US 6919181 B2
Methods of producing ligand arrays, e.g., polypeptide and nucleic acid arrays, as well as the arrays produced thereby, methods for use of the arrays and kits that include the same, are provided. In the subject methods, a substrate having a surface displaying carboxylic ester functional groups that produce surface bound hydroxyl functional groups upon hydrolysis is first provided. Next, the functional groups are hydrolyzed to hydroxyl functional groups. The resultant substrate, optionally after an additional functionalization step, is then contacted with ligands, e.g., via deposition of each different ligand onto a different region of the surface, resulting in covalent attachment of the contacted ligands to the surface.
1. A method of producing an array of at least two different ligands covalently bonded to a surface of a substrate, said method comprising:
(a) providing a silica comprising substrate having a surface displaying carboxylic ester functional groups that produce surface bound hydroxyl functional groups and a free carboxylic acid upon hydrolysis, wherein said carboxylic ester functional groups are moieties of silane molecules covalently bonded to said surface;
(b) converting said carboxylic ester functional groups to produce a free carboxylic acid and a substrate having a surface displaying hydroxyl functional groups; and
(c) producing at least two different ligands covalently bound to said surface to produce said array by either;
contacting said surface with said at least two different ligands; or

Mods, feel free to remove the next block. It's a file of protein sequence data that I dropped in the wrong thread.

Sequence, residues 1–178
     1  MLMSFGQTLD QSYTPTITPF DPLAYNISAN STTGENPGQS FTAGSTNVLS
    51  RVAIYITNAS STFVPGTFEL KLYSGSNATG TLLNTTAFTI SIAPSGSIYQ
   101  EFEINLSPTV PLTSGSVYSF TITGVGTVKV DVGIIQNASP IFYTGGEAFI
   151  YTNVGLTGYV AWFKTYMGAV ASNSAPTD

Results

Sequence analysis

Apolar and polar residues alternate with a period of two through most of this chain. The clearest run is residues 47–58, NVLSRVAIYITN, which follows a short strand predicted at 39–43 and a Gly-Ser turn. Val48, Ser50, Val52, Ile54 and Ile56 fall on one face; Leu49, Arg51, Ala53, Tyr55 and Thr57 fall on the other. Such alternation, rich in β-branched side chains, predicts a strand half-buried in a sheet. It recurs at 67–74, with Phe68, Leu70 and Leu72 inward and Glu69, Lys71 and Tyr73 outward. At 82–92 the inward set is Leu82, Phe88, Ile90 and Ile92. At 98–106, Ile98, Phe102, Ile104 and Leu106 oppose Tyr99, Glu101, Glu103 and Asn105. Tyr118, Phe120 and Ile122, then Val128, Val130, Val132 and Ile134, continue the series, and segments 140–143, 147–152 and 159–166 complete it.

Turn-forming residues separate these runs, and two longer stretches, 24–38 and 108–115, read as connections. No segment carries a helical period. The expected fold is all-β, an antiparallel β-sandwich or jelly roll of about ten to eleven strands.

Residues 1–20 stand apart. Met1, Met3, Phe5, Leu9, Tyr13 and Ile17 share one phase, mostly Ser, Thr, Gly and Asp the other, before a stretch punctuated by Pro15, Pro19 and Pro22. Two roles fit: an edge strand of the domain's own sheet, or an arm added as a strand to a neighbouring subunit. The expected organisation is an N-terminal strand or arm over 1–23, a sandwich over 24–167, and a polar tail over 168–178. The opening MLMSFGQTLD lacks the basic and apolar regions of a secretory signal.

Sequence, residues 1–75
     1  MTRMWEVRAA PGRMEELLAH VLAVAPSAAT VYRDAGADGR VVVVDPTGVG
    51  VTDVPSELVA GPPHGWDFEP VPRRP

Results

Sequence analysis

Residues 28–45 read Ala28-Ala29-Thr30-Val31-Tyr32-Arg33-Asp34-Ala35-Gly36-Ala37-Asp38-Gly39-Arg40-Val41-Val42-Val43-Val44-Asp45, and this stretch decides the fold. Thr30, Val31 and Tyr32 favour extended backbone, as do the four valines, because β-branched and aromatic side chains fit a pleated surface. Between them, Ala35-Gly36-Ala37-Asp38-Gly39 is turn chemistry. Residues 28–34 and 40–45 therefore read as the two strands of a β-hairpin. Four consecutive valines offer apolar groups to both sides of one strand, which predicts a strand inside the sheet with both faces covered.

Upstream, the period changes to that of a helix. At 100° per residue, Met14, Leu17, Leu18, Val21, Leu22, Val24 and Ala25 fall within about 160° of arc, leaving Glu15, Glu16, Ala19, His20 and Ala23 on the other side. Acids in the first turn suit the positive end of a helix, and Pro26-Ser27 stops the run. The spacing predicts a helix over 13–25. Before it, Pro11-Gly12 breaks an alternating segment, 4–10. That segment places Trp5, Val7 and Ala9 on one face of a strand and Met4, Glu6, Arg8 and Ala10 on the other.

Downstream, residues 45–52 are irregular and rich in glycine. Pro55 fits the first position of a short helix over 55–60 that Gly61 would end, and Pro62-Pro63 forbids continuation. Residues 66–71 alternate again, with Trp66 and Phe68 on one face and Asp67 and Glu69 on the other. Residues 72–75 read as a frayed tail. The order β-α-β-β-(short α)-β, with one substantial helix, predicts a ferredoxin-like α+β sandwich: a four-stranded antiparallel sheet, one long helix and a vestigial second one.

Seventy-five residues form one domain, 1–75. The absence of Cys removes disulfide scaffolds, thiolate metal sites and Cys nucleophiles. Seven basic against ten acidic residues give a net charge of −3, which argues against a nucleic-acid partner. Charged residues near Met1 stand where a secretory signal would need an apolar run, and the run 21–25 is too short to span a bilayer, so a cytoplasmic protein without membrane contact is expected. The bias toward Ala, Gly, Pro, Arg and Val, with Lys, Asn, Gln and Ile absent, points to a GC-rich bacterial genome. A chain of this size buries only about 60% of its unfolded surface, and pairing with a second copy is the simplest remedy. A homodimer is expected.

in situ synthesizing said ligands on said surface.
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10. A method of producing an array of at least two different polymer ligands covalently attached to a surface of a substrate, said method comprising:
(a) providing a silica comprising substrate having a surface modified with silane molecules having carboxylic ester functional groups that produce surface bound hydroxyl functional groups and a free carboxylic acid upon hydrolysis, wherein said carboxylic ester functional groups are moieties of silane molecules covalently bonded to said surface;
(b) converting said carboxylic ester functional groups to produce a free carboxylic acid and a substrate having a surface displaying hydroxyl functional groups; and
(c) contacting said surface of said substrate displaying hydroxyl functional groups with said at least two different polymer ligands to covalently bond said at least two different polymer ligands to said surface and produce said array.